Arrow-right Camera
The Spokesman-Review Newspaper
Spokane, Washington  Est. May 19, 1883

Skier, photographer Craig Moore has hit the slopes every month for 10 years

Skier-photographer Craig Moore of Whitefish, Montana, has found a place to ski at least once every month for 10 years, often by trekking into the backcountry. (Rich Landers / The Spokesman-Review)

Skiing every month for 10 consecutive years can separate a man from his peers, and even from his wife.

“She said ‘No’ when I asked if she wanted to go on Oct. 20,” Craig Moore said. So the 37-year-old outdoor photographer set out alone to reach his milestone of skiing at least once a month for 120 consecutive months within 100 miles of his home in Whitefish, Montana.

“Having a goal is a good excuse to go skiing in October. Sometimes you need an excuse.”

August, September and October have been the biggest challenges to his monthly resolve through the years. They’re generally outside the call of purely fun pursuits or even his photo assignments for publications such as Men’s Journal, Powder and National Geographic magazines.

“I could find a dozen people to go today,” he said on Tuesday, looking out a window into his yard at a new dump of fresh November snow. “There’s 28 inches of frickin’ awesome snow at Whitefish Mountain.

“But even though I get a ton of support from my friends and wife, you can’t really expect them always to be thrilled about giving up a day to ski on icy, crappy snow (in the questionable months).

“I do it for me,” he said. “Skiing can be a wonderful social thing, but at the end of the day I ski because I like the sensation of sliding down a hill. I’ll seek out that enjoyment with or without a friend.”

Finding skiable snow in September was easy a few years ago when a 3-foot dump smothered the east side of Glacier National Park. This September was sketchy, but he got it done in the park near Lunch Creek. Moore documented the notch in his record with a photo showing white tracks carved in a bank of snow coated with a dingy film of summer dust and wildfire ash.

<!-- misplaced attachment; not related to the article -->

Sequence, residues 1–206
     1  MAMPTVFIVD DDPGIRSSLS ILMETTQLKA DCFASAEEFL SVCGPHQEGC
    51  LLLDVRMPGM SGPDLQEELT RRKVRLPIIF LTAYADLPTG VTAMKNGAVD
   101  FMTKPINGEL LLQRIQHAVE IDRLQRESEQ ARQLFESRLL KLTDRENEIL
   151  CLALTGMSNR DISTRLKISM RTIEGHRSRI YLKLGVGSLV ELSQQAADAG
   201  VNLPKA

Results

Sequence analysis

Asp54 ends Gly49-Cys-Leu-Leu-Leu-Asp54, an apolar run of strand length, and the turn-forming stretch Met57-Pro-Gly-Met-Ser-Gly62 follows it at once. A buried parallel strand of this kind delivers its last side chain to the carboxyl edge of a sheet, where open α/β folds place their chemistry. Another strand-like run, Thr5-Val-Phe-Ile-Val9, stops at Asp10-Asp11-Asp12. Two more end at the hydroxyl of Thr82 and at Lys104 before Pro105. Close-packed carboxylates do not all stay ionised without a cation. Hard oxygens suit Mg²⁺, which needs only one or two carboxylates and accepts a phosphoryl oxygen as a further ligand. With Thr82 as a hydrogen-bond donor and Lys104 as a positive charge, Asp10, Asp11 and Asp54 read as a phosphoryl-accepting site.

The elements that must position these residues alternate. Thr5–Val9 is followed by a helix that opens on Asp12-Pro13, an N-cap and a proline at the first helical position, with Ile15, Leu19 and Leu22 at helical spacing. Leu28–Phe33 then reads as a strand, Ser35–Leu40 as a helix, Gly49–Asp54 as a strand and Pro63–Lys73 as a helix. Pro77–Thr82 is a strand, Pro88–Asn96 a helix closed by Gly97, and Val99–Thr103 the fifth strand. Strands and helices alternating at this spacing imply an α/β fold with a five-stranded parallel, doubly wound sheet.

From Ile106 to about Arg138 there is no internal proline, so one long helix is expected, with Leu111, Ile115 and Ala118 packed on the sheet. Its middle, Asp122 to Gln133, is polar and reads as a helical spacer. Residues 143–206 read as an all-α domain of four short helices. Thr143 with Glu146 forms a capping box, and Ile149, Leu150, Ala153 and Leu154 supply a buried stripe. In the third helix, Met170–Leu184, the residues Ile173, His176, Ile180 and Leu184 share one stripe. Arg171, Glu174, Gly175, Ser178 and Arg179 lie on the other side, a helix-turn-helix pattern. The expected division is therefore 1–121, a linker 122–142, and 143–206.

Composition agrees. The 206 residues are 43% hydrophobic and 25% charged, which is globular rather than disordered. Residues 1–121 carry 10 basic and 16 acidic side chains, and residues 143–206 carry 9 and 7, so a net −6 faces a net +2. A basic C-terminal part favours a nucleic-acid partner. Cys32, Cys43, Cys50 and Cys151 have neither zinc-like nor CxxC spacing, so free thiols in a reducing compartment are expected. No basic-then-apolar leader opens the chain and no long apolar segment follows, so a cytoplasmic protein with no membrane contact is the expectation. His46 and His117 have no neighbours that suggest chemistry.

“With all the crap and exposed rocks, it would be like sliding down a cheese grater if you fall,” he said.

Around hanging glaciers and other extreme terrain he explores every year, falling is not an option.

He set the 120-month mark in October by driving high onto Werner Peak, skinning up and climbing a few hundred vertical feet on a road before linking Telemark turns. He followed crusted drifts in meadows where still-standing beargrass stalks resembled a crop of corn.

Then he gritted his teeth for the last stretch back down the icy, rutted road. “It was a little like a luge run of death,” he said.

“I have old, disposable tele skis I use for that. You don’t need the big powder boards for rocks and sun cups. I save my good carbon AT gear for better conditions, which start this month and run through June.”

On one year, Moore notched his October ski outing during a snowy hunting season by donning skis and camo gear in pursuit of deer. “That was new adventure to me,” he said.

In winter, snow is easy to access, so the search centers on finding the best freshies or new challenges.

Summer skiing generally relies on glaciers in the national park and finding wind-deposited snow on north-facing chutes and bowls in the Mission Mountains and the Swan and Whitefish ranges.